For the historic Rose Bowl Renovation and Improvements project, Earth Systems provided geotechnical engineering design, consulting, and materials testing services. Built in 1921 with various portions added in subsequent years, the stadium underwent major renovations and improvements with the objectives of improving public safety, enhancing fan experience, improving facility operations, and maintaining the stadium as a National Historic Landmark. Construction occurred in three phases; the first phase began early in 2011. The stadium remained operational while the project progressed.
The project won an Award of Merit in the Sports/Entertainment category at the ENR (Engineering News-Record) California’s Best Projects for 2014 (Southern California).
Specific elements of the renovation and improvement project included:
- Construction of tower and press box addition at the Rose Bowl Stadium
- Press Box: Major reconstruction and additions to the existing seven-level press box and suites structure.
- Stadium: include removal of existing and construction of new video and advertising panels, restoration of historical scoreboard, construction of new field level lounges, and field wall restoration.
- Pedestrian Tunnels: widening of existing tunnels by removal of tunnel walls and construction of new concrete slab, walls and tunnel lid. Exiting also includes deck repair, new aisles and seat replacement, and field level exiting improvements that may include construction of four new tunnels.
- Concourse: removal of old and construction of new restroom buildings and public entry gate structures, construction of new concession buildings, ticket offices, and kiosks, improvements to the service yard and storage building, and upgrades of site utilities.
- Site Work and Utilities: upgrade and replacement of major electrical service, new storm drainage system and storm-water retention/percolation system in stadium approach area.
- Mat construction at the south end of the press box addition at the Rose Bowl Stadium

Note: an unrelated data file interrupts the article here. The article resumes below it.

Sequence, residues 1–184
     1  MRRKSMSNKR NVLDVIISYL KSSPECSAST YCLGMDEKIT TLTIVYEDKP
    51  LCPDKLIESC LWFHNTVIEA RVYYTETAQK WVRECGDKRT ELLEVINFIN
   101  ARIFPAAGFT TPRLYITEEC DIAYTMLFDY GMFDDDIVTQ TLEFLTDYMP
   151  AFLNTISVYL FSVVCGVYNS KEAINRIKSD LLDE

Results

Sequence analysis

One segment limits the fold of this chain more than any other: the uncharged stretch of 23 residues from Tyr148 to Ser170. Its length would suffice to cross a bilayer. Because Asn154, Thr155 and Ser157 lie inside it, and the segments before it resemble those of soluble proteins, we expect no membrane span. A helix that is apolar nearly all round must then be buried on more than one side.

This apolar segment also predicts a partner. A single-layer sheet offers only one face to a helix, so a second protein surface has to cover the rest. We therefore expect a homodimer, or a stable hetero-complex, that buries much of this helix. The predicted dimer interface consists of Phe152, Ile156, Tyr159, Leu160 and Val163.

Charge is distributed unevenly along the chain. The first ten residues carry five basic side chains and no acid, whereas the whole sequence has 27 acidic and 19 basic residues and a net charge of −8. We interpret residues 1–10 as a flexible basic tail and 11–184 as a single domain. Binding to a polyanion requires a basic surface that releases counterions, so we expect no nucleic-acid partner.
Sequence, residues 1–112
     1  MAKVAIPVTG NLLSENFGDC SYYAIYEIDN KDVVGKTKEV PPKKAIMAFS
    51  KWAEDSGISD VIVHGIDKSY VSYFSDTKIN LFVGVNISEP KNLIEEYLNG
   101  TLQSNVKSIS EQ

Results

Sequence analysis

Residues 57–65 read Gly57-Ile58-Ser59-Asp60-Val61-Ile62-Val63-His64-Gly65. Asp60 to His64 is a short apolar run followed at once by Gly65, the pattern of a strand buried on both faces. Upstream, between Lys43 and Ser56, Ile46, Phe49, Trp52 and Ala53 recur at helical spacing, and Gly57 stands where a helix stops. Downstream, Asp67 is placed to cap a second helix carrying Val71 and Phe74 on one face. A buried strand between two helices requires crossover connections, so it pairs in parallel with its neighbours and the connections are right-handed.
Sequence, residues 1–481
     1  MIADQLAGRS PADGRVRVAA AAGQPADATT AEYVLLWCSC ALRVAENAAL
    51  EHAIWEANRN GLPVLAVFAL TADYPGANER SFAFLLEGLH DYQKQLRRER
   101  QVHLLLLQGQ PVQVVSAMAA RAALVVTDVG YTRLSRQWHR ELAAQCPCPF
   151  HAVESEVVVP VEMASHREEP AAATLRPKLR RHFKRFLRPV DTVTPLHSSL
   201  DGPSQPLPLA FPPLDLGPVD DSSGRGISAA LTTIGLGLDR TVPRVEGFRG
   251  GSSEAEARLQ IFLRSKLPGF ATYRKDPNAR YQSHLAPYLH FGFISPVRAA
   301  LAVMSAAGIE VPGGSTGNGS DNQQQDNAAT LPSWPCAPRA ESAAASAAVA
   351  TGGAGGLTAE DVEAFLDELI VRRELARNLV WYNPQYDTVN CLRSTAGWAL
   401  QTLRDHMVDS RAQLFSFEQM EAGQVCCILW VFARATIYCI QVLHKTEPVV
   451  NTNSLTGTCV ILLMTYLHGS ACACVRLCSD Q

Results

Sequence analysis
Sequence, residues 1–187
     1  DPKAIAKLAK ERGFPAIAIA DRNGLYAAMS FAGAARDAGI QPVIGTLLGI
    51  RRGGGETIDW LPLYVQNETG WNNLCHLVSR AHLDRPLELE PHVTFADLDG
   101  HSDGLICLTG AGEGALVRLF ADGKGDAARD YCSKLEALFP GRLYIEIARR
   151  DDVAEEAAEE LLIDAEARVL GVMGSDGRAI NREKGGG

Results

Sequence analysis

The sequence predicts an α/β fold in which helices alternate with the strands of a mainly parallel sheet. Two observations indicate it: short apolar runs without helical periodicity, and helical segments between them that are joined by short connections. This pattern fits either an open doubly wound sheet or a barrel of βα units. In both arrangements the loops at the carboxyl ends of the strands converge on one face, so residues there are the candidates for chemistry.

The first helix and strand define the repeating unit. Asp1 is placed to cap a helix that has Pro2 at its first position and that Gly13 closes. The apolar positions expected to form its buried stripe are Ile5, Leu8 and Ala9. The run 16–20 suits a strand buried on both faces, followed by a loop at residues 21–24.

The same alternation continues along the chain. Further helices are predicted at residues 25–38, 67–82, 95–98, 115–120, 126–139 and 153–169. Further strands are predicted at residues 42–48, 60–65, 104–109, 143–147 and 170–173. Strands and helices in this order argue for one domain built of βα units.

The press box additions are supported on a combination of new deep foundations (piers, caissons, and micropiles) and new mat footings. The new tunnels will consist of cast-in-place concrete retaining walls and roofs supported by conventional spread footings that bear in firm native soil.
Earth Systems personnel performed surface and shallow subsurface exploration of the site and tested soils samples in our laboratory for characteristics such as moisture and density, grain size distribution, relative strength, and consolidation. Percolation testing was conducted off-site for storm-water disposal. Geotechnical engineering analyses were conducted for liquefaction, earthquake-related settlement, slope stability, bearing capacity and load-deflection relationships for both deep and shallow foundations. The study also entailed evaluation of the geologic setting and site seismicity and assessment of geologic hazards that might affect the Rose Bowl. A geophysical survey was conducted using refraction microtremor data reduction techniques to estimate the physical properties of subsurface materials and characterize the site for seismic design. A detailed earthquake ground motion study was conducted to allow numerical dynamic analysis of the proposed press box tower structure. Based on our analyses of the data obtained from our field and laboratory testing programs, we provided conclusions and recommendations regarding foundation bearing capacity, foundation design, estimated total and differential foundation settlements, site grading criteria, lateral earth pressures, soils expansion characteristics, soil corrosion characteristics, and preliminary pavement section design. Earth Systems provided construction observation and monitoring, and materials testing and inspection services.